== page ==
Legislatures chart different courses

Rik Dalvit/For the Capital Press

Editorial

In Idaho, when the Legislature wants to increase the state's agricultural tax base, it looks for ways to help business.

In Washington state, the Legislature grasps at "revenue raisers."

During their special session -- called to plug a $1 billion hole in the state budget -- Washington legislators had before them a proposal to review state tax exemptions, including sales and use taxes on off-road diesel, machinery and agricultural fertilizers and chemicals.

The proposal is in the bullpen until lawmakers run out of ideas for balancing the budget. (Here's one: Cut spending.)

Once they've given up on that, they will trot out other ideas for raising taxes and "reviewing" tax exemptions as a prelude to repealing them. By the time they are done, they will have added to revenue by putting a drag on the economy.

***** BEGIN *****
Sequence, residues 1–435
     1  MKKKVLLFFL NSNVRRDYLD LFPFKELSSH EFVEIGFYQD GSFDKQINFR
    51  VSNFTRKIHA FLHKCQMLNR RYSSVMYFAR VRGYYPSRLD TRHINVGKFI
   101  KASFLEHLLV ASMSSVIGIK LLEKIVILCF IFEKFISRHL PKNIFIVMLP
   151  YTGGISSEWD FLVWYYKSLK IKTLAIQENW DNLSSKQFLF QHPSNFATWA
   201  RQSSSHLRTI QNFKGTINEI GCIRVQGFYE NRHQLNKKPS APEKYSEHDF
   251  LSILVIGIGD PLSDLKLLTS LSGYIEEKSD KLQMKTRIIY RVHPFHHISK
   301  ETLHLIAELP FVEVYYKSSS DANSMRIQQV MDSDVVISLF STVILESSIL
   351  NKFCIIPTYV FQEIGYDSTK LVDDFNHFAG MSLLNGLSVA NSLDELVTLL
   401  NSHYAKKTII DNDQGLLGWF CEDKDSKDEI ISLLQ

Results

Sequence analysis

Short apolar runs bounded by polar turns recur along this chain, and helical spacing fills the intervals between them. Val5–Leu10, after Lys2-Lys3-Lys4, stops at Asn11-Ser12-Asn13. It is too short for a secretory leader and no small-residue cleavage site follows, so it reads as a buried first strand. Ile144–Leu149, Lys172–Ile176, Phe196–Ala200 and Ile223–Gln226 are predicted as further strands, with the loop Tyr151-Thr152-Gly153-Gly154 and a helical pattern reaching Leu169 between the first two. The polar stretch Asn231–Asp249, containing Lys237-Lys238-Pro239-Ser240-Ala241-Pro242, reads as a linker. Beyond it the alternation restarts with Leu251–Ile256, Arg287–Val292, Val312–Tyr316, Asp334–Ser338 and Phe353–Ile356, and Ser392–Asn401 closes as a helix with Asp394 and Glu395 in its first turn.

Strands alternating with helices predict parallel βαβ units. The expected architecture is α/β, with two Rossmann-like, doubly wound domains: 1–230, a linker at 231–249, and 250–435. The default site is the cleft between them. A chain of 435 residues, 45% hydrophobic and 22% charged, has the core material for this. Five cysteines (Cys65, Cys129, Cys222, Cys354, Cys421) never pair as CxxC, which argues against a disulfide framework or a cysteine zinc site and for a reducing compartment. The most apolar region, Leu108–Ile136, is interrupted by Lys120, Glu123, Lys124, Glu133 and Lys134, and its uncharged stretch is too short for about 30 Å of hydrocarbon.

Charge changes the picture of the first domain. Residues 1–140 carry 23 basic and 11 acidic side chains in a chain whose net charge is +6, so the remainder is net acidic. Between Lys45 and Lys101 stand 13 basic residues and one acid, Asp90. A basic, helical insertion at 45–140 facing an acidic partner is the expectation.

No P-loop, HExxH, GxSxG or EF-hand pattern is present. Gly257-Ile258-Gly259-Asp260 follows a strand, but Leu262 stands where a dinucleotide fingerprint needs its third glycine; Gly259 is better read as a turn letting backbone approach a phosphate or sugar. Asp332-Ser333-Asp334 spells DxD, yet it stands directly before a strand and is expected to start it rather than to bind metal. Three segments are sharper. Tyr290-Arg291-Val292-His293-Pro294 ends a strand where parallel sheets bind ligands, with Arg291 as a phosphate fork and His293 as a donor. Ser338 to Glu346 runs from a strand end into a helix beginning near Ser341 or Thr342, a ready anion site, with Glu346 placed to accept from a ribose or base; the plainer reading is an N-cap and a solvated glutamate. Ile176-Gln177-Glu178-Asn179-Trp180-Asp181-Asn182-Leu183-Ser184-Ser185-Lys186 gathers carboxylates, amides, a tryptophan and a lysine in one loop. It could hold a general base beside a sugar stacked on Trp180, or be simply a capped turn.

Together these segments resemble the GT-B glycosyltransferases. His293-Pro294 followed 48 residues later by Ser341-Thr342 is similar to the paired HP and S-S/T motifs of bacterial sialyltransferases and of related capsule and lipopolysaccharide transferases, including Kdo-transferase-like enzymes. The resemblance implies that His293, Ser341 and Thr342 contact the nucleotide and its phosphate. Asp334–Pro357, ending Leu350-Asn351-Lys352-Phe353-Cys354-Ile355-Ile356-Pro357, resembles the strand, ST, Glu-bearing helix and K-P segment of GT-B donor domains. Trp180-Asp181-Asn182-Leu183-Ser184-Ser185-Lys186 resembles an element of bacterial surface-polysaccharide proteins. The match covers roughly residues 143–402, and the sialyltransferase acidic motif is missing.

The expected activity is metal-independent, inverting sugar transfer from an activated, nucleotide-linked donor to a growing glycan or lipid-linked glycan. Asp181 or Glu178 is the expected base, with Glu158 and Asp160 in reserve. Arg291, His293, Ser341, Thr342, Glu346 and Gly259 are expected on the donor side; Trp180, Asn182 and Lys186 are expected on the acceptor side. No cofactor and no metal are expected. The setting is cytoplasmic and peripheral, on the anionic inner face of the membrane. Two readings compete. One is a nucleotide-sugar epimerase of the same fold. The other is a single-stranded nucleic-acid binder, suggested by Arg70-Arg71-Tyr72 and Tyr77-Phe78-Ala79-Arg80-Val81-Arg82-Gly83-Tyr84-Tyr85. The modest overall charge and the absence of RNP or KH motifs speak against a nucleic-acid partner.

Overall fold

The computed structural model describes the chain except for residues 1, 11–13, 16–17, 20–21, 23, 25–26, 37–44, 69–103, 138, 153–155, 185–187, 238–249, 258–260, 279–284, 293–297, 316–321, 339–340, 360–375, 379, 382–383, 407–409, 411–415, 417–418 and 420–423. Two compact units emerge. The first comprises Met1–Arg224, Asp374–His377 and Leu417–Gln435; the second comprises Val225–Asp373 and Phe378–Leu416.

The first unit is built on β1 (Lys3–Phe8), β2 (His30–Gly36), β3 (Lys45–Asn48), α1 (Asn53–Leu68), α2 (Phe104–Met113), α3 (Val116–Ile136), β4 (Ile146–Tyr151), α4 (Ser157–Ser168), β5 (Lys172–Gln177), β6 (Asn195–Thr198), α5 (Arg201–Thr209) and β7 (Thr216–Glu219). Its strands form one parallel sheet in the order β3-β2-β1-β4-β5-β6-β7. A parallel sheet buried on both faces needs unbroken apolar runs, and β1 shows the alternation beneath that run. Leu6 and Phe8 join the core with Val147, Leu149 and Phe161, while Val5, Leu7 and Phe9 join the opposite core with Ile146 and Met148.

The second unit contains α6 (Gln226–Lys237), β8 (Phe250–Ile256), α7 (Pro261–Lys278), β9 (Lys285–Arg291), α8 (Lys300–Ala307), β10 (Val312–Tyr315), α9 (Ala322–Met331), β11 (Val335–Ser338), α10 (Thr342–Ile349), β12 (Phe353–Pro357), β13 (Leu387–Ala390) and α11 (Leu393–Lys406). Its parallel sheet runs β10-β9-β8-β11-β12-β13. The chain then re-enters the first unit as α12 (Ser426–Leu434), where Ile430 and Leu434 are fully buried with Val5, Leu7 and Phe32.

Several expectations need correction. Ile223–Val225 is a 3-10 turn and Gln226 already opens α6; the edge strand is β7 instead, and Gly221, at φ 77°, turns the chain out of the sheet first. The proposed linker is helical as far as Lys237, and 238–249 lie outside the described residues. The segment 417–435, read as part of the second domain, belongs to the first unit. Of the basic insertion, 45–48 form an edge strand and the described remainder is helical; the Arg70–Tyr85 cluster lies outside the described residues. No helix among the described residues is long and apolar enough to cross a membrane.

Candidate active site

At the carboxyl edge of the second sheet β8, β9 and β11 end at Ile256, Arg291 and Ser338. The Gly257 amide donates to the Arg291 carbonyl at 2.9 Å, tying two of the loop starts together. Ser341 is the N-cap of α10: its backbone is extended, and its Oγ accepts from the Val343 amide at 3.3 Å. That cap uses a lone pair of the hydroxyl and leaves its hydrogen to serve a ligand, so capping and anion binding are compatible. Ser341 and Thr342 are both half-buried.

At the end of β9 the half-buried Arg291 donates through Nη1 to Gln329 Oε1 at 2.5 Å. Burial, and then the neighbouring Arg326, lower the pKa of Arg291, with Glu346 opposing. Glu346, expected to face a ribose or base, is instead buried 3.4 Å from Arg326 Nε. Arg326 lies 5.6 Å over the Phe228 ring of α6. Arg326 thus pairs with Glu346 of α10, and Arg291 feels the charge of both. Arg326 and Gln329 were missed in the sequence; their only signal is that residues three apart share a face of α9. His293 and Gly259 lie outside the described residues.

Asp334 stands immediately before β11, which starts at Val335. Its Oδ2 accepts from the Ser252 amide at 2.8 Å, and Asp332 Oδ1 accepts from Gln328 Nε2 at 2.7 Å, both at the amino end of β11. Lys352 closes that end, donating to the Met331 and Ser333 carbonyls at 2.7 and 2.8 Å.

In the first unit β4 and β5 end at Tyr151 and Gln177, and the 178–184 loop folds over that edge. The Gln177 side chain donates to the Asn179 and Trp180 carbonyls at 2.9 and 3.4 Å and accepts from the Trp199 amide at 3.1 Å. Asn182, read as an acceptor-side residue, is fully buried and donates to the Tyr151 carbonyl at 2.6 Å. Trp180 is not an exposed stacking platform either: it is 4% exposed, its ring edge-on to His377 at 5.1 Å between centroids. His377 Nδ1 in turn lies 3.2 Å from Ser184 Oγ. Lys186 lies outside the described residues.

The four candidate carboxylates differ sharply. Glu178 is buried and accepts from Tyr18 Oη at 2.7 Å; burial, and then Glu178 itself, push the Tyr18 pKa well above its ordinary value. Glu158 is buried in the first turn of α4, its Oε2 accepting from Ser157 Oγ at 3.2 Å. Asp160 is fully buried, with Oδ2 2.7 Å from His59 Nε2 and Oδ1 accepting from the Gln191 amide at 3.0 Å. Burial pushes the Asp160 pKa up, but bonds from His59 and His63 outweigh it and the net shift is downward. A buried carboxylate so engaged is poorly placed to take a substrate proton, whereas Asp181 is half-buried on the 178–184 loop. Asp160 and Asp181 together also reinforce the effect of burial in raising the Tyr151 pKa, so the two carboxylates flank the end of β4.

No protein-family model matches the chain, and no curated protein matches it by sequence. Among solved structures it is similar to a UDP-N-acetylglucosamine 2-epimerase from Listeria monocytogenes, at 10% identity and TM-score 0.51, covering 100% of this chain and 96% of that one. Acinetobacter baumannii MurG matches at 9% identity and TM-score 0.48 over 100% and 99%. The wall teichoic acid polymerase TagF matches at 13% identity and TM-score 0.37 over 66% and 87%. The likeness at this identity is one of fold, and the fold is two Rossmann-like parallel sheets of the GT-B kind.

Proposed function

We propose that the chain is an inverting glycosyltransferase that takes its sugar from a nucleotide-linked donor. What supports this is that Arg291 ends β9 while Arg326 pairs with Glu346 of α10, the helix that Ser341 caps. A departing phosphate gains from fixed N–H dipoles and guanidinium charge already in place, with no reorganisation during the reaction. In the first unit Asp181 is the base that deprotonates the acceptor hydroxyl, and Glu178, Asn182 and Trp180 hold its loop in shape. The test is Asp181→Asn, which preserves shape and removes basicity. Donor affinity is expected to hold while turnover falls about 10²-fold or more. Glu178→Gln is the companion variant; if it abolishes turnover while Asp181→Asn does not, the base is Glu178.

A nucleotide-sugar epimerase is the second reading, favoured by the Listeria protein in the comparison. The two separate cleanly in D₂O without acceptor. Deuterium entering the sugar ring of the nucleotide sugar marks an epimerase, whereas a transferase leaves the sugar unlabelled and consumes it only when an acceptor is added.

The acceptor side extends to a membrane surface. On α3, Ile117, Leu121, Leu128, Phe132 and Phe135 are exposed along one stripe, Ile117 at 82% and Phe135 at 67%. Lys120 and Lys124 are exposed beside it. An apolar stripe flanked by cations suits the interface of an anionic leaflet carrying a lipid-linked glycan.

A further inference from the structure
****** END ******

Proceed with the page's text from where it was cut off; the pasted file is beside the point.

Jack Field, of the Washington Cattlemen's Association, told the Capital Press the loss of tax exemptions along would raise retail costs as much as 9 percent. It is difficult to see how that would help Washington's staggering economy.

In the meantime, before Idaho legislators adjourned -- with a balanced budget, we might add -- they debated how best to attract new agricultural businesses to the state and encourage companies already in the state to expand.

Though it ultimately didn't pass, such proposals are emblematic of the mindset of a Legislature intent on building the state's economy instead of sucking the life out of it, as Washingtonians do.

Which strategy would be more successful? Will Washington be able to tax its way out of a $1 billion budget hole? Or will Idaho's business-minded efforts lead to greater success?

We'll go with Idaho.

Stimulating the economy has become a buzzword in these recessionary times, but most of the "stimulating" in Washington and many other states has involved the crossing of fingers in hopes that someday the economy will come back despite the Legislature.

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